Let’s sit with that for a moment.

If white UUs are looking for intellectual stimulation and fellowship primarily when looking for a congregation, yet African Americans are looking for a celebration of common values and a place that gives hope when looking for a congregation; what does that mean when creating a space/place that is inviting to all?

So here are the questions…..

Why do you go to church? [and, by extension, why did you choose the congregation you chose]

What does the “beloved community” look like when what we are seeking are different things when we gather?


*the survey in 1989 only broke the answers down by white and black respondents. if the survey were being done now, I’m certain that the racial/ethnic breakdown would be more expansive.

Godspeed, Jim Key

News came out a little while ago that UUA Moderator Jim Key is resigning his position due to serious health concerns.

I last saw Jim at the UUA Board meeting April 21-22 in Boston. As always, he was deeply engaged, funny, personable, and an active listener. Considering the discussions that were going on, that was a true gift. He will be missed.

My thoughts and prayers are with Jim, his wife Liz, and the rest of his family.

Good luck and Godspeed, Jim.

Putting On The Whole Armour Of God

If you are silent about your pain, they will kill you and say you enjoyed it.
—Zora Neale Hurston

Here’s the brutal truth…

After institutional UUism’s ignoring of us here in St. Louis during and after things popped off in Ferguson, as far as I’m concerned, I don’t think it would be too much of a loss if UUism disappeared. But that’s my anger talking. And my privilege.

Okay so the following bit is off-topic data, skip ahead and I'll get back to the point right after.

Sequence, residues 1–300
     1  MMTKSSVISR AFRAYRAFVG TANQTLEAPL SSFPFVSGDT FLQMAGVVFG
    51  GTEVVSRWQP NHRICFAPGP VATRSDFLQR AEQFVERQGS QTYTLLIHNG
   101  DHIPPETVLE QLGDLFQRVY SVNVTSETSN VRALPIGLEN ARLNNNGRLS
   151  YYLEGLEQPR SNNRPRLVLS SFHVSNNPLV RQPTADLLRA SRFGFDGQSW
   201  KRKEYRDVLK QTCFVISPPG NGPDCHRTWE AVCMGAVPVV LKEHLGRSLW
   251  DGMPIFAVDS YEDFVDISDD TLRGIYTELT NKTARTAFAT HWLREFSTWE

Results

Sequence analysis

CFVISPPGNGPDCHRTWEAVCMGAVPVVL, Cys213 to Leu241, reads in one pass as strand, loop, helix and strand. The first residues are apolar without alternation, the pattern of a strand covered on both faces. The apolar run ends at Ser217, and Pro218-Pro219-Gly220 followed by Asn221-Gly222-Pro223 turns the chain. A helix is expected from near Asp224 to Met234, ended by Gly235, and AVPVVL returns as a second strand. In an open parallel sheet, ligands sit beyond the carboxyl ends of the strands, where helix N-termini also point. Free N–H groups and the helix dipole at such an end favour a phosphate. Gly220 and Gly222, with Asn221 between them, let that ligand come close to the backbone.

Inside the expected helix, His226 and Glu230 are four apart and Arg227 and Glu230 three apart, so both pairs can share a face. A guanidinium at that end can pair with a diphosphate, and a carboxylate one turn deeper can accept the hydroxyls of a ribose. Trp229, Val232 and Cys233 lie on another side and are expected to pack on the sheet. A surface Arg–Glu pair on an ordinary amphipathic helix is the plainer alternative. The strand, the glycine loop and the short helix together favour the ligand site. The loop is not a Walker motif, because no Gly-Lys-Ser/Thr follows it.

What do I mean when I say “my privilege”?

Simple. When I leave Unitarian Universalism, I will have a safe place to fall. In fact, I will have more than one safe place to fall because I am a Christian and there are many black churches in the denominations in which I have the closest contacts. Plus, there is a black denomination that I have always felt would be a good, maybe even great, fit.

The reason I write and talk about these issues in Unitarian Universalism (and have been doing so for YEARS) is not about me at all. I write and talk about these issues for those UUs of color who have been, and are, silent about the pain they are in because of the things that happen to them when they cross the church-house doors. I write and talk for those who, if they left Unitarian Universalism, wouldn’t have a safe place to fall.

In “The Souls of Black Folk” Du Bois wrote, “Within the Veil was he born, said I; and there within shall he live, — a Negro and a Negro’s son. Holding in that little head — ah, bitterly! — the unbowed pride of a hunted race, clinging with that tiny dimpled hand — ah, wearily! — to a hope not hopeless but unhopeful, and seeing with those bright wondering eyes that peer into my soul a land whose freedom is to us a mockery and whose liberty is a lie.”

The hope I have for Unitarian Universalism is Du Bois’ hope that he has when looking at his son; not hopeless, but unhopeful. And so these days I am putting on the whole armour of God and withstanding for those who are silent in their pain.